The WXR printed a calibration cube as part of its unboxing routine. This turned out quite well and within expected tolerances.

(Image credit: Tom's Hardware)

I ran several test prints, one of which was the classic Torture Toaster. I printed this in Wuxn Slicer’s “fast” mode, with a .25 layer height, 20% infill and 75mm/s speed, using the provided red Wuxn PLA. It took 9 hours and 43 minutes and was one of the best toasters I’ve run on a stock machine. All the gears moved, the toast popped, and the only strings were a line around the toast.

Clockspring’s Torture Toaster (Image credit: Tom's Hardware)

I wanted to print something fairly large and detailed, so I turned to Wekster and his free Witcher Bust piggy bank…so I could toss a coin to my Witcher. This is a highly detailed model, and I chose to only put a little support under the chin. 

In hindsight, a bit of support at the bottom of Geralt’s bust may have been needed, as the straps show some layer lines. I printed the two parts separately using the “goto” preset. This is for everyday printing and uses a .2mm layer height, 15% infill and a 50mm/s speed. I used Prusamint Galaxy Silver.

Wekster’s Witcher Piggy Bank (Image credit: Tom's Hardware)

For PETG, I printed a complex vase in a transition spool of Greengate’s recycled Purple Reign. Transition spools are less expensive ways to try a company’s filament, as these are the odd rolls produced while they are changing colors. That explains why my vase is more gray than purple. The BuildTak plate requires a layer of glue stick to prevent PETG from sticking too hard to the surface and damaging either the print or the plate on removal.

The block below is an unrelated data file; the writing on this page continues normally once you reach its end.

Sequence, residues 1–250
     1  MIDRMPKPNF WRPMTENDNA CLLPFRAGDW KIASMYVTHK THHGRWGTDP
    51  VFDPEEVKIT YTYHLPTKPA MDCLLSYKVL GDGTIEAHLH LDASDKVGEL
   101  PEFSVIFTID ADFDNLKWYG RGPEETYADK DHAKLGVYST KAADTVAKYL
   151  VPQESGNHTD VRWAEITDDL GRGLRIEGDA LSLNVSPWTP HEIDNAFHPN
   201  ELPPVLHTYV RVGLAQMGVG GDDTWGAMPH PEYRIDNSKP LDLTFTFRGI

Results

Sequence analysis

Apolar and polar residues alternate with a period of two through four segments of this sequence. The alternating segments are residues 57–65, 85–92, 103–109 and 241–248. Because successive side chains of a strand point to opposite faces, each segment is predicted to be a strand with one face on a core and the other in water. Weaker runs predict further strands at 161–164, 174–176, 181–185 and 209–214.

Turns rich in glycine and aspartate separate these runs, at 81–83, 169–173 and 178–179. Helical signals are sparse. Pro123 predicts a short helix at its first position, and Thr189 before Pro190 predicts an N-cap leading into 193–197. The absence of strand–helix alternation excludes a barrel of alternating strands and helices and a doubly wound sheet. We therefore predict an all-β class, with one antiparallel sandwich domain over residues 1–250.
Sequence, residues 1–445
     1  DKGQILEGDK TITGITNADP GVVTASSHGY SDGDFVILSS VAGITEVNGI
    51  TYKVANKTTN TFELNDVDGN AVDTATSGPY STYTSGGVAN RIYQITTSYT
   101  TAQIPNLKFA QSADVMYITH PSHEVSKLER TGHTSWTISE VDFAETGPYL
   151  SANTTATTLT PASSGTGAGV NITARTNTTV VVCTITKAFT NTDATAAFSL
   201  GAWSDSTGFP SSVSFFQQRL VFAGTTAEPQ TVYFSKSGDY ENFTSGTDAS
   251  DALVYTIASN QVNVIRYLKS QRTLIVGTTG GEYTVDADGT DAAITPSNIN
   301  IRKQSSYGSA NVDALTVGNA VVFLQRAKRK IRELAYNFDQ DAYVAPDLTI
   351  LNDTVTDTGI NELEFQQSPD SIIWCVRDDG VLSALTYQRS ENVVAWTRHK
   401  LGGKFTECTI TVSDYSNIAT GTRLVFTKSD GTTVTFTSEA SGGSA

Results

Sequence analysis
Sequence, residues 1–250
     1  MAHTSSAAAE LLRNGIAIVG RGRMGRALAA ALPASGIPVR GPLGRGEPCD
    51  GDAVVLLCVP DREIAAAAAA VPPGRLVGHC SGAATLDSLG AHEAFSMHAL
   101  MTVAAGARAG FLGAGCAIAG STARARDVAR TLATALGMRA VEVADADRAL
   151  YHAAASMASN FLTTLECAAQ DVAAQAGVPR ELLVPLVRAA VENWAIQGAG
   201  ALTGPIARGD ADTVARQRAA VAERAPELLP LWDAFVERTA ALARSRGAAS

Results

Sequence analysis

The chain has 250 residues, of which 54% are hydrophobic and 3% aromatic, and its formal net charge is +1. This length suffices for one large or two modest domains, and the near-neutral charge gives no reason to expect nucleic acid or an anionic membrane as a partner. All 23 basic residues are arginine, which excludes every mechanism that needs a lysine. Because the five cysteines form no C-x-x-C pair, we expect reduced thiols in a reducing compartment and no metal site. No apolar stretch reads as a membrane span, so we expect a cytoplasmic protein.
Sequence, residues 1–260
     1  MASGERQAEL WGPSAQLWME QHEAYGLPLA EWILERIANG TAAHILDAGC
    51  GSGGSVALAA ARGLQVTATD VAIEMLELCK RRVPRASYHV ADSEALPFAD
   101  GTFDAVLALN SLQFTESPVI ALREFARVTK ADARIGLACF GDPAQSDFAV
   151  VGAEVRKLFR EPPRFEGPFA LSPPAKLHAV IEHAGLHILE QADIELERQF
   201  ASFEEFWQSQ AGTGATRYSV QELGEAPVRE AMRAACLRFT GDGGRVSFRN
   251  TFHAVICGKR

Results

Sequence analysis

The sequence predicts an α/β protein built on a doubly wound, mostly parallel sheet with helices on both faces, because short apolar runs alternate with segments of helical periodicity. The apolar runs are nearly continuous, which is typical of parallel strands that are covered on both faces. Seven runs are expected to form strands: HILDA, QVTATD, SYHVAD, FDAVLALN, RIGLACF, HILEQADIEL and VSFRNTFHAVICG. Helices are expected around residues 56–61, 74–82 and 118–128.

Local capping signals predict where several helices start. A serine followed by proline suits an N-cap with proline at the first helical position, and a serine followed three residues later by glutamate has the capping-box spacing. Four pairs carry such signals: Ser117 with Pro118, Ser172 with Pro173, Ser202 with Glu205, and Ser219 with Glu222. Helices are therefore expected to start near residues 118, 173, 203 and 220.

I used the “strong” mode for this print, which sets the layer height at .16mm, uses a .45 line width and a speed of 50mm/s. I also used Wuxn’s default settings for PETG, which automatically raised the temperature to 245C and decreased the fan to 50%.

Nat_A_Cyborg’s Slightly Overengineered Vase (Image credit: Tom's Hardware)

I grabbed my favorite vase mode print for a run at TPU – the Taco Bell Bag. I printed it full sized using the “goto” and default TPU settings. This printed the bag with a .2mm layer height with a .45mm line width at a speed of 30mm/s. It took 8 hours and 16 minutes to print in Inland blue TPU with no stringing.

DaveMoneySign’s Taco Bell Bag (Image credit: Tom's Hardware)

Bottom Line

The Wuxn WXR is a fun machine to use, though you’re going to pay extra for the high quality parts from various name brand manufacturers plus the American assembly costs. A real selling point for me are the numerous wizards to guide you on your 3d printing journey – Wuxn went above and beyond to make its machine as easy to use as possible. 

Retailing at $999 and currently on sale for $799, the WXR is not your typical bed slinger, nor does it fit every budget. But you’re getting a machine that works straight out of the box with no need for upgrades. It has precision linear rails that won’t wear out, dual lead screws, and a premium hotend. Bed leveling is a breeze and the BuildTak flex plate provides a firm stickiness that’s not too hard to remove prints from.

However, if you want to save a little money while still getting the perks of auto bed leveling and an easy to remove build plate, the Elegoo Neptune 3 Pro, currently on sale for $230. If you’re curious about other American made 3D printers, check out our review of the LulzBot TAZ SideKick 747, which retails for $1,285. But if you want high quality and blazing speed, check out the AnkerMake M5, retailing at $799 and our pick for fastest 3D printer.

Denise Bertacchi
Freelance Reviewer

Denise Bertacchi is a Contributing Writer for Tom’s Hardware US, covering 3D printing. Denise has been crafting with PCs since she discovered Print Shop had clip art on her Apple IIe. She’s been a freelance newspaper reporter, online columnist and craft blogger with an eye for kid’s STEM activities. She got hooked on 3D printing after her son made a tiny Tinkercad Jeep for a school science project. Excited to learn more, she got a Creality CR10s and hasn’t looked back. She loves reviewing 3D printers because she can mix all her passions: printing, photography and writing. When she’s not modding her Ender 3 Pro or stirring glitter into a batch of resin, you’ll find her at the latest superhero movie with her husband and two sons. 

  • NightHawkRMX
    That's a boatload of money for the features this has. Not sure why they think it's worth so much.